4 min read
What was your latest tactic to get people to sign up for something? Chances are it might have been a competition. When we go to introduce a new concept, something boring but necessary or when a subject’s generally difficult to explain, we slap a competition on the front to arouse employee interest.
Like offering sweeties to children, the prospect of a prize makes our proverbial ears prick up .“Ooh a piece of candy!” Because why else will your staff ever bother to log on and look at their pension, or budget calculator, or whatever HR thingamy nonsense it is this week. I get it.
It’s hard to get people’s attention, especially in the workplace when you’re fighting to be heard over ten thousand more important priorities.
Positive reinforcement is a tried-and-tested classic for a reason. It’s simple, it works. Right? It gets people to sign up. It does the job. But does it equal employee engagement?
A closer look at the competition incentive reveals that it might not be as effective as you first thought.
Yes you got your sign-up, and the numbers don’t lie. But how do you know that person will ever come back? How do you get them to benefit from the value you intended when you set up their employee benefits platform in the first place? The very act of turning a task into a means for attaining something else, changes the way that task is perceived, and may actually have a negative impact on their experience with the program.
Because what they’re actually engaging with is isn’t the shiny employee benefits hub you’ve painstakingly put together to enhance their lives; it’s the holiday, the cash, the latest electronic gadget. Whatever golden carrot you’ve dangled tantalisingly in front of them - that’s all they care about, and your success at “employee engagement” is simply to have transiently raised their interest in a meaningless prize draw. It’s positive reinforcement, but doesn’t reinforce the behaviour you want to elicit.
Not only that, but the external prod of winning a contest makes a task seem less enjoyable in its own right. People wonder why there’s a prerequisite and automatically assume that what you’re bribing them to sign up for must be less fun than the prize. “Because otherwise why am I being bribed to do it? They’re offering me a reward to do this, so it must be dull.”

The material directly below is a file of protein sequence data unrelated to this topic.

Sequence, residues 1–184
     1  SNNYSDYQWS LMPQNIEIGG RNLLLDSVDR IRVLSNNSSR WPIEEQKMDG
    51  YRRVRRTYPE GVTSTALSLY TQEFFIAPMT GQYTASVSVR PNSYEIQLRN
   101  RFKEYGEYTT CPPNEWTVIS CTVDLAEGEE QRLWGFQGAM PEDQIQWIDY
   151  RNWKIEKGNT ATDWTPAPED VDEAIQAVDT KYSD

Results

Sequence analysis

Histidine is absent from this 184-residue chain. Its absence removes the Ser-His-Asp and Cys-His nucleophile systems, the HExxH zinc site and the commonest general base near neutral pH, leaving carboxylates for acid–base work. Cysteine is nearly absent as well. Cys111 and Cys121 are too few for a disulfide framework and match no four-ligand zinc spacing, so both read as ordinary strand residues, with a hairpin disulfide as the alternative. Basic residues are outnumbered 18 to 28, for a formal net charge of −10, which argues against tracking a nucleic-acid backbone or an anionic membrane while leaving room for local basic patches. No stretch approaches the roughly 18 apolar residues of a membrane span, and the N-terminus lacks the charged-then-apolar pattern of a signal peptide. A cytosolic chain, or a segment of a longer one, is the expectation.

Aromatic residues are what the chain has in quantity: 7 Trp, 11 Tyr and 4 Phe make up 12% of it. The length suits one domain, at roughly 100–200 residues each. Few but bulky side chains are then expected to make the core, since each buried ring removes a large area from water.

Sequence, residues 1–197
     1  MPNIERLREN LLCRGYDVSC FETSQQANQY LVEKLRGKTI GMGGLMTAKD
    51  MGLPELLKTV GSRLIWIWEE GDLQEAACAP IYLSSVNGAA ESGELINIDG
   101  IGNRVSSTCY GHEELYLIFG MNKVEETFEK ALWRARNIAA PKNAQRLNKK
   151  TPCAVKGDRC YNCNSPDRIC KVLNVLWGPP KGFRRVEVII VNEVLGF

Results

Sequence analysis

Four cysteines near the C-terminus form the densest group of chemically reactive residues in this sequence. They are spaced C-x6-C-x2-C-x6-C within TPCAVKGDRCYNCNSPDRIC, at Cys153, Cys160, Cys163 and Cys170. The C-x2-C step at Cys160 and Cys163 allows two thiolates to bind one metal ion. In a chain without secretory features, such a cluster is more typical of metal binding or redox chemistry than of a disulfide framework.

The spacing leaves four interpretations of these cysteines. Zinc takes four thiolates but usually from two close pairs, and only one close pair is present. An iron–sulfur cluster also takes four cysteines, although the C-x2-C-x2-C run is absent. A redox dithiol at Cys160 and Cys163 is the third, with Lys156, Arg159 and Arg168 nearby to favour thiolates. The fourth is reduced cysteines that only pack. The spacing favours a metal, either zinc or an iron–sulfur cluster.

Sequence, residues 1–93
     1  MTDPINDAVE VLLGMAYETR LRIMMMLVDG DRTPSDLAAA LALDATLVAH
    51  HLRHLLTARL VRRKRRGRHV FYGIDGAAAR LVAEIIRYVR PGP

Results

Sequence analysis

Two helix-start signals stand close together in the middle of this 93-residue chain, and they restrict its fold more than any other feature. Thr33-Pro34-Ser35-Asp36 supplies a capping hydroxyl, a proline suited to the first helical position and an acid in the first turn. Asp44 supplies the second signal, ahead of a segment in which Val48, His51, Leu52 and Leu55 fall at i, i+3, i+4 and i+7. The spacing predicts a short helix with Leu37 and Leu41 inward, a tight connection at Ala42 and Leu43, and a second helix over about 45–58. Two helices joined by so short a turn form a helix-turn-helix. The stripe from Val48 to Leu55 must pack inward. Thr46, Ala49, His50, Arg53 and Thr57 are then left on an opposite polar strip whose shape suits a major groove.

But there is a third reason that the use of external motivators can backfire. People come to see themselves as being controlled by a reward. They feel less autonomous, and may be actually be repelled and turned off from engaging with the benefit. If you’re going to create genuine, long-lasting employee engagement, you need your people to experience a sense of initiation.
Somehow, you want them to feel like it was their idea, for them to discover the value for themselves.
Clearly that’s easier said than done, and sounds counter-intuitive to say the least in terms of employee communications. But if you’re tearing your hair out in frustration by this point don’t give up hope just yet.
People are most interested when their curiosity is aroused, and to do that you need to create a buzz around the benefit itself. Your program needs to offer genuine value in order for people to talk about it, and once they start sharing stories about the platform, the reasons to sign up start flowing by word-of-mouth.
But how do you get your employees to do your marketing for free?
At Reward Gateway, many of our clients generate engagement with their employee benefits programs through a word-of-mouth strategy called ”Benefits Champions”.
By nominating representatives in different departments or business units and giving them access to your new employee benefit initiative early, you can create an educated and enthused army through which to transmit the good news.
This works really well at all types of business, even those with multiple sites and divisions. And by nominating “Benefits Champions” for special early access privileges, you can instil a sense of responsibility in your reps that makes them feel trusted. You can even create a competitive element between teams with leaderboards to compare how many people they’ve got to sign up or how much their collective teams have saved.
And by distributing the responsibility across an entire team, you maximise your chances of spreading the word, while reducing the pressure on you.
The “Benefits Champions” project is just one of a range of employee communication strategies you could try that actually engages staff and keeps them coming back and benefitting time after time.
Perhaps it’s a little aggressive to claim that competitions are ruining employee engagement. After all, when you need numbers to back up your success, a competition can help your sign-ups jump right up. But if you want that deep, genuine engagement entrenched into employees’ lifestyles and routines, you might need to try something a little more creative.